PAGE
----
Good morning, MBA readers,
Today’s Morning Minutes brings news of breakthroughs on deals with implications for thousands of workers in the Kansas City and St. Louis areas. Negotiators for the United Auto Workers and General Motors — which has plants in Kansas City, Kansas, and Wentzville — reached a tentative deal to end the union’s strike, although additional rounds of approval await. The Federal Communications Commission gave the green light to the merger of wireless carriers T-Mobile and Sprint. Although, once again, hurdles remain: State attorneys general have sued to stop the $26 billion tie-up. Read on for details about these and the day’s other top stories.
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Bayer expects surge in number of US Monsanto cases
Monsanto’s parent company, Bayer, believes the number of legal claims related to its Roundup herbicides have surged in the third quarter of 2019. The German drugmaker said earlier this year that the number of people suing the company had risen to 18,400 in July. (Reuters)
Negotiators reach tentative deal in GM strike
General Motors and the United Auto Workers announced a tentative deal Wednesday afternoon to end a 31-day strike by 49,000 workers nationwide. The deal still requires the approval of union leadership as well as the rank-and-file members, who remain on strike. (CNN Business)
FCC blesses Sprint, T-Mobile union, but deal still faces court challenge
The Federal Communications Commission voted 3-2 along party lines Wednesday to approve the $26 billion merger of T-Mobile and Sprint. Despite federal backing, the deal still faces a legal challenge from dozens of state attorneys general who are suing the company on antitrust grounds. (CNBC)
Core & Main makes two acquisitions
Core & Main, a St. Louis-based distributor of water, sewer and fire protection gear, said Wednesday it will purchase J&J Municipal Supply and Erosion Resources & Supply of Boonville, Indiana.These mark the eighth and ninth acquisition for the company, which has expressed interest in going public at some point. (St. Louis Business Journal)
Kansas City saves $10 million after Supreme Court ruling
The Missouri Supreme Court has ruled that Kansas City no longer owes $10 million in fines for ending its trash rebate program for non-single-family homes. The decision caps a decades-long legal feud between the city and condo associations, which filed their first lawsuit in the 1970s. (Kansas City Business Journal)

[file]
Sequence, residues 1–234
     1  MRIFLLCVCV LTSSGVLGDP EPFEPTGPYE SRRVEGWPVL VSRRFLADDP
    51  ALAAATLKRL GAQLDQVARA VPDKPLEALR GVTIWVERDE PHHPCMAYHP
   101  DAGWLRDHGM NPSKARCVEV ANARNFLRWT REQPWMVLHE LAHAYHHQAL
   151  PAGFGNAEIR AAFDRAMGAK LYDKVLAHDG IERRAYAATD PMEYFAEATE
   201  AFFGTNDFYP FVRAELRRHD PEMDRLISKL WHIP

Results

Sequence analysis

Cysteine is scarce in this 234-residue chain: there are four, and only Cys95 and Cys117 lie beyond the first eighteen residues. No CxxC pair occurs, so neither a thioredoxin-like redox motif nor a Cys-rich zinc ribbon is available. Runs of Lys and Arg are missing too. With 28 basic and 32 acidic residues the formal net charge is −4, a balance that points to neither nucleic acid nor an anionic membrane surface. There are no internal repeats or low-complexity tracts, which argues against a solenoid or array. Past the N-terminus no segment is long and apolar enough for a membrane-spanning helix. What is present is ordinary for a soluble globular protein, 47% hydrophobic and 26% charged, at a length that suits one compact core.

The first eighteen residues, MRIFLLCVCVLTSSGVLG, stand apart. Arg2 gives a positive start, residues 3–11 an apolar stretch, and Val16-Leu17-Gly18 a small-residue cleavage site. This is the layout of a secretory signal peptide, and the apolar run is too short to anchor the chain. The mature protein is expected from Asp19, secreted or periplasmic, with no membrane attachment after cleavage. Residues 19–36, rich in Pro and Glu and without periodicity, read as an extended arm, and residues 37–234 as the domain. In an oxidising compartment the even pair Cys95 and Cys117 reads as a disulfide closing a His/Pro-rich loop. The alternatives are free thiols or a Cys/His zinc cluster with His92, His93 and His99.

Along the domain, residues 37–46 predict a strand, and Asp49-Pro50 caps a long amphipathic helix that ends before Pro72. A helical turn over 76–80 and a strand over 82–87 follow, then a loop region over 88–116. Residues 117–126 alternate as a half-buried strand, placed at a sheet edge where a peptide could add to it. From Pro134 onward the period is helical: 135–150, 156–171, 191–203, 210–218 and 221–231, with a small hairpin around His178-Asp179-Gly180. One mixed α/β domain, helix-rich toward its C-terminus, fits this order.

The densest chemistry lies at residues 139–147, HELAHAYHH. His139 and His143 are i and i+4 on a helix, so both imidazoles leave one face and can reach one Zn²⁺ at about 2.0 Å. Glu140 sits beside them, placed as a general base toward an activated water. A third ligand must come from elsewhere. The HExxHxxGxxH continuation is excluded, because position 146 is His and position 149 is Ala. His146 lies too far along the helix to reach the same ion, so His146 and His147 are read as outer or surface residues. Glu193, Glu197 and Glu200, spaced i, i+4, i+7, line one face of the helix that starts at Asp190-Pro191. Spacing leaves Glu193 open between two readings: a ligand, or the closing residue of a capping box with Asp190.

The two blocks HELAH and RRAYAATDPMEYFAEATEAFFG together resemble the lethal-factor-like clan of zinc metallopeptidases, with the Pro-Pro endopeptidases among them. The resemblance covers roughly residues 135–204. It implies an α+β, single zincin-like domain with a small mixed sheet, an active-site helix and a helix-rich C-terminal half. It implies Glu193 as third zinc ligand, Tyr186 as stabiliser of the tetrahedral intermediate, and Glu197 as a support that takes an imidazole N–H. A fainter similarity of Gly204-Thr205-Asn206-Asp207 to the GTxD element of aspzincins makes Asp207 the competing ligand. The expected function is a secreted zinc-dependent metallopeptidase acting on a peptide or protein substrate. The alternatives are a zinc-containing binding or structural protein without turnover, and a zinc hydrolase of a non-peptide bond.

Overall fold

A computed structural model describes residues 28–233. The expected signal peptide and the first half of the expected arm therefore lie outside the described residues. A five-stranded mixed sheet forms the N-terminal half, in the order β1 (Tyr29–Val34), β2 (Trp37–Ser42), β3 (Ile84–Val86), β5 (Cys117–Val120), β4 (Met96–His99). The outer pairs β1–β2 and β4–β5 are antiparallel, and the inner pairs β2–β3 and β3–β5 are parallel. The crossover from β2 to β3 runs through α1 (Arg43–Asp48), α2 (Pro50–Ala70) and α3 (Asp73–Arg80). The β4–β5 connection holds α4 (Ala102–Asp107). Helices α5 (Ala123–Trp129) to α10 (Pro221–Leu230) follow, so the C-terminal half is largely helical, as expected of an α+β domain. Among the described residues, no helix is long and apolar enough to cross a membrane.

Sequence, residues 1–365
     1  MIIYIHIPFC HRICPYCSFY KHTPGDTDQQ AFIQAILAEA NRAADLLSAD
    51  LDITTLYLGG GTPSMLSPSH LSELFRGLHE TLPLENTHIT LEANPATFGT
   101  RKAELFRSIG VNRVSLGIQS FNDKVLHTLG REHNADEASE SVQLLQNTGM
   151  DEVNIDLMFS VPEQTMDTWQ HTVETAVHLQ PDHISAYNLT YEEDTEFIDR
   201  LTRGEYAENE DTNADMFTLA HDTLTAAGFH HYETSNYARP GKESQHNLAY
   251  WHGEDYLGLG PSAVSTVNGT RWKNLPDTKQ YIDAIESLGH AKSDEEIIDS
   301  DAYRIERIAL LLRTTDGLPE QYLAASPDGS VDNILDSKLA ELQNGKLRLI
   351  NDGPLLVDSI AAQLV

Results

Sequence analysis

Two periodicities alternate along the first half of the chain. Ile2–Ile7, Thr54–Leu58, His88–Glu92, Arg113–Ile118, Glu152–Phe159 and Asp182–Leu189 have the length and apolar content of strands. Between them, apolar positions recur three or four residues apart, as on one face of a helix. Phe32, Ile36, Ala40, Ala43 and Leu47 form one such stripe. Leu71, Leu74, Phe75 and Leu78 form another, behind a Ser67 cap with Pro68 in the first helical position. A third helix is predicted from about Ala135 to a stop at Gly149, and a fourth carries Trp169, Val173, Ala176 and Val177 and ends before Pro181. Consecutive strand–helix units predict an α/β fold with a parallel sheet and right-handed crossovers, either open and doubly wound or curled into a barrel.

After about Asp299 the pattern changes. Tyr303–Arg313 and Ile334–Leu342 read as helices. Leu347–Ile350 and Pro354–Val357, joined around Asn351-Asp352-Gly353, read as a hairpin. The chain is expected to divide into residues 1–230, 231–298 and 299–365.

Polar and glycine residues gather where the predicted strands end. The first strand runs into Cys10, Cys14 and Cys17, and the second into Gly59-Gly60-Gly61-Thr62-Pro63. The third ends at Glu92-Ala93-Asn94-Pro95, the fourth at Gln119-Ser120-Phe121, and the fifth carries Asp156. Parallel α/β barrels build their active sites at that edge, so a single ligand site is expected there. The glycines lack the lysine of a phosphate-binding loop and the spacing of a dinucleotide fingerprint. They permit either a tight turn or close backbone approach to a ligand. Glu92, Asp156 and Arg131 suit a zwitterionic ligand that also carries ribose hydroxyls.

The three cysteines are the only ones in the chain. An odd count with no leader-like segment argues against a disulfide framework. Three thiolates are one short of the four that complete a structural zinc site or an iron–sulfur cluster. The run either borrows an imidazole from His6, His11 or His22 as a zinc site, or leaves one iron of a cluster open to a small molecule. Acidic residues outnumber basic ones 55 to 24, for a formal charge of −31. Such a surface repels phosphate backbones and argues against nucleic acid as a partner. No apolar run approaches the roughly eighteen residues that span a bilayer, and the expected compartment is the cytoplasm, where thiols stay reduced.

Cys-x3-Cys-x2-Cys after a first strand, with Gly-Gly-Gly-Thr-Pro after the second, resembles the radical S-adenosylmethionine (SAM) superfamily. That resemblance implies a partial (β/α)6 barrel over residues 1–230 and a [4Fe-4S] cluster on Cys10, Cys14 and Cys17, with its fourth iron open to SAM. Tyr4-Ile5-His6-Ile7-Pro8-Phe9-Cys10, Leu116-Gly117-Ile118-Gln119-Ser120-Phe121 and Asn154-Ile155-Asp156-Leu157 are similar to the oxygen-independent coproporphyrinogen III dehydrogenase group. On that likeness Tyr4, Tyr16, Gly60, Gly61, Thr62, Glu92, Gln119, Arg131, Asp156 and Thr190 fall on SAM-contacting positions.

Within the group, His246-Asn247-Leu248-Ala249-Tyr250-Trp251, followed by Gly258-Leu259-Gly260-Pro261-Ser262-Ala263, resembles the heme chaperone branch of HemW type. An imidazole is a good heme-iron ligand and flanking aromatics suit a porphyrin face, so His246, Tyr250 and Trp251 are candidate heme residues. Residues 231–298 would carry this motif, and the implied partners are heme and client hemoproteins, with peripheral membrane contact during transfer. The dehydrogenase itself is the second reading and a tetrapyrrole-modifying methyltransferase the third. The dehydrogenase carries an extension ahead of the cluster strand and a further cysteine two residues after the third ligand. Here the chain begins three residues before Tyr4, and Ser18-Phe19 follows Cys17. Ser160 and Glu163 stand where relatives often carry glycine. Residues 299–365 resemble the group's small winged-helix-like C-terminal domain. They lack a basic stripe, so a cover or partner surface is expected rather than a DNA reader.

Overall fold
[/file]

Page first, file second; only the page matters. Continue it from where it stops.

St. Louis’ largest mechanical contractor plans Denver expansion
Olivette-based Murphy Co. has acquired a 90,000-square-foot fabrication facility and 40,000 square feet of office space near Denver. Murphy President and CEO Patrick Murphy Jr. said the new facility will “more than double” the company’s manufacturing capacity. (St. Louis Business Journal)
State board wants funding finalized before backing Hazelwood sports campus
Hazelwood officials will need to provide more information on how they will fund a proposed $71 million youth sports complex before it can get $5.6 million from the state. (St. Louis Post-Dispatch)
St. Louis Fed backs effort to boost local nonprofit funding
The Federal Reserve Bank of St. Louis is hosting an event Thursday at which local nonprofit groups will get five minutes to pitch bankers and other benefactors to fund their projects. The groups, which help low-to-moderate-income communities, have raised $1.2 million in grants, loans and investments from the event since it launched in 2017. (St. Louis Post-Dispatch)
Anheuser-Busch company to launch CBD drink later this year
Fluent Beverage Company, a joint venture owned by St. Louis-based A-B InBev and cannabis research firm Tilray, has announced a new CBD-infused beverage that will launch in Canada this December. (St. Louis Post-Dispatch)
Say that again
“Once you acclimate a professor to a research partnership it’s going to alter their perceptions and what they say about those companies.”
That’s former University of Missouri agriculture professor John Ikerd on how industries can influence scientific research at public universities, the Columbia Missourian reports. The university’s plant sciences department receives about 13.8% of its external funding from corporations such as Monsanto, Dow AgroSciences and Syngenta, while MU’s medical sciences department receives around 22% from industry sources. Although industries have long contributed funding to research, Ikerd said the corporate influence can steer what’s studied — and what isn’t.
Given only two days notice, that’s how many workers were laid off from Union Pacific in Kansas City, WDAF reports. Ty Dragoo, a Kansas City transportation union representative, blames the discharges on precision scheduled railroading, or PSR, a term coined by Wall Street that he says really means cutting staff to increase shareholder profits. “Railroads are historically making more money than they have at any point in time. This just boils down to insatiable corporate greed,” he said. In a statement, the company cited a desire to improve “operating efficiencies” and said certain employees will be given opportunities at new yards.
Hello, my name is
St. Louis-based Stifel Financial will partner with the Israeli crowdfunding platform, the St. Louis Business Journal reports. Stifel will have access to OurCrowd’s early-stage offerings, many of which would typically be restricted to traditional venture capital firms and home offices, Stifel Chairman and CEO Ron Kruszewski said. OurCrowd has already had 35 exits, including Beyond Meat’s IPO and JUMP Bikes’ sale to Uber.
It’s been a pleasure doing business with you this morning.